Post-Mortem Portraits

A semi-spooky, semi-sweet delve into the weirdest of wikipedia articles today introduces us to some rather unanimated portrait sitters, who all sort of remind me of the titular star of 80’s film ‘Weekend at Bernie’s’.

Post-mortem photography is the mostly out-of-use practice of photographing the recently deceased. The invention of the daguerrotype in 1839 made portraiture much more commonplace, as many of those who were unable to afford the commission of a painted portrait could afford to sit for a photography session. This cheaper and quicker method also provided the middle class with a means for memorializing dead loved ones.

post-mortem portrait

These photographs served as keepsakes to remember the deceased. This was especially common with infants and young children; victorian childhood mortality rates were extremely high, and a post-mortem photograph might have been the only image of the child the family ever had. The later invention of the multiple print negative meant that copies of the image could be mailed to relatives.

The practice eventually peaked in popularity around the end of the 19th century and died out as “snapshot” photography became more commonplace, although a few examples of formal memorial portraits were still being produced well into the 20th century. The earliest post-mortem photographs are usually close-ups of the face or shots of the full body and rarely include the coffin. The subject is usually depicted so as to seem in a deep sleep, or else arranged to appear more lifelike. Adults were more commonly posed in chairs.


The effect of life was sometimes enhanced by either propping the subject’s eyes open or painting pupils onto the photographic print, and many early images have a tint added to the cheeks of the corpse.

Later examples show less effort at a lifelike appearance, and often show the subject in a coffin. Some very late examples show the deceased in a coffin with a large group of funeral attendees; this type of photograph was especially popular in Europe and less common in the United States.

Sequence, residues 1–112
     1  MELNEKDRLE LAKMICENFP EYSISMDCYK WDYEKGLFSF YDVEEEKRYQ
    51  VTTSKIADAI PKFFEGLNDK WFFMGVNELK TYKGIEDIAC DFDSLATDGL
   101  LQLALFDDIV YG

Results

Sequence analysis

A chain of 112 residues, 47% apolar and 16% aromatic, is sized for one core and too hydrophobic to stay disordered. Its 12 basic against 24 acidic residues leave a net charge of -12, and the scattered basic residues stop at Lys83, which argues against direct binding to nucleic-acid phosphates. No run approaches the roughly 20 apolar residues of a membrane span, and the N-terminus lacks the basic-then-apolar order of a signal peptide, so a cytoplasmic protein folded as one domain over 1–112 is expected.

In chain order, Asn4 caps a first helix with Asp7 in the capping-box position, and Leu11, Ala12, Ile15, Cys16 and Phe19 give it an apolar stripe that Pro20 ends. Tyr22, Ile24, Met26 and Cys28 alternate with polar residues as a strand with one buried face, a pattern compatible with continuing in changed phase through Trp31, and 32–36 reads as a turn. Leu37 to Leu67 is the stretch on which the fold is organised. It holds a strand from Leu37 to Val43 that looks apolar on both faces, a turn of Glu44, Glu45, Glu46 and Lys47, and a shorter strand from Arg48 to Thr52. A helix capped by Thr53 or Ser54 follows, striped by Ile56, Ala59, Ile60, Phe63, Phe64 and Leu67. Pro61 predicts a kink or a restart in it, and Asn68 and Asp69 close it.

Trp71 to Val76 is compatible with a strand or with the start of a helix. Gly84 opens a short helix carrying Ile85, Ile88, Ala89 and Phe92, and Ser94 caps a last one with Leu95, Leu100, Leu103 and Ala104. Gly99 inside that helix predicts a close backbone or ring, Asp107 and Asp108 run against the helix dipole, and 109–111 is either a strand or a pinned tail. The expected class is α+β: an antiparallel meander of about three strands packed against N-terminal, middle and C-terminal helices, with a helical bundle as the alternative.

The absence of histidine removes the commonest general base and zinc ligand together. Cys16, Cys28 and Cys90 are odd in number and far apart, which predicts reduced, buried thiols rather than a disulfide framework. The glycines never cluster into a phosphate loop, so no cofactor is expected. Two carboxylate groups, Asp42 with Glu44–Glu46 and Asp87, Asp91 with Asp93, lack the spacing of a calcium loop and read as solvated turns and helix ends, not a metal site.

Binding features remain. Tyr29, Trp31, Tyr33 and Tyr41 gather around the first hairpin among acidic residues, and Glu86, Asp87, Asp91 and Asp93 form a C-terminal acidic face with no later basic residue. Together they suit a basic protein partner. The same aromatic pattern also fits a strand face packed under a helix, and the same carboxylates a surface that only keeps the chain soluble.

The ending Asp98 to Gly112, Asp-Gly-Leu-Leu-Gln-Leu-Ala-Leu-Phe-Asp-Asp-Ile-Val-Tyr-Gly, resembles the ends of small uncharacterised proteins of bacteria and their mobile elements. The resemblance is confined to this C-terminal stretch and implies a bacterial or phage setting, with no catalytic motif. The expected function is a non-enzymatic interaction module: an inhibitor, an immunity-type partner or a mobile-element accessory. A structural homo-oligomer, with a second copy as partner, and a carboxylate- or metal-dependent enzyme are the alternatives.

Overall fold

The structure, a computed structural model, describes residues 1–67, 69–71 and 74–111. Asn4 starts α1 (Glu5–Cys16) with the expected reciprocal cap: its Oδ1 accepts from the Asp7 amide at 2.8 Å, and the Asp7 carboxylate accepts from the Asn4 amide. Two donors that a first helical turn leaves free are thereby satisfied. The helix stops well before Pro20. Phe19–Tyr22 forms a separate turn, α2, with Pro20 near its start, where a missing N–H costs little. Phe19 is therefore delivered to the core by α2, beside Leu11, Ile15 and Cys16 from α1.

Post-mortem photography is still practiced in some areas of the world, such as Eastern Europe.




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About Author Profile: Worm

In between dealing with all things technological in the Dabbler engine room, Worm writes the weekly Wikiworm column every Saturday and our monthly Book Club newsletters.

6 thoughts on “Post-Mortem Portraits

    August 3, 2013 at 11:28

    Anything for a laugh, the Victorians. Spike Milligan’s hilarious novel Puckoon, about a fictional village during the partitioning of Ireland, yet another triumph of British imperialism has the village church partitioned off from it’s graveyard. The end result of this was the requirement, for the recently deceased, of a passport, this enabled the poor stiffs to export themselves to the graveyard for burial, obviously passports require photographs. Pat and Shaun (pardon the stereotyping) made their way to the local photographers carrying Mick (again, pardon the stereotyping) between them and, standing him stiffly against the wall demand a photograph. When he had finished the photographer said “begorrah lads, Micks not looking too grand these days”

    August 3, 2013 at 11:33

    Wonderful idea. The next time someone in the family passes on, I’m going to take a snap that I can whip out whenever anyone insists on showing me their baby’s ultrasound pictures. You want spooky? I can do spooky.

      August 3, 2013 at 14:54

      That reminds me of the old joke that one might become tired of aged relatives approaching one at weddings at giggling “you’ll be next” and thus resolve to do the same at funerals.

    • Worm
      August 5, 2013 at 08:53

      those headless photos are brilliant!! That’s the kind of thing I can imagine collecting myself

    August 4, 2013 at 21:48

    Good god, it’s like something out of League of Gentlemen.

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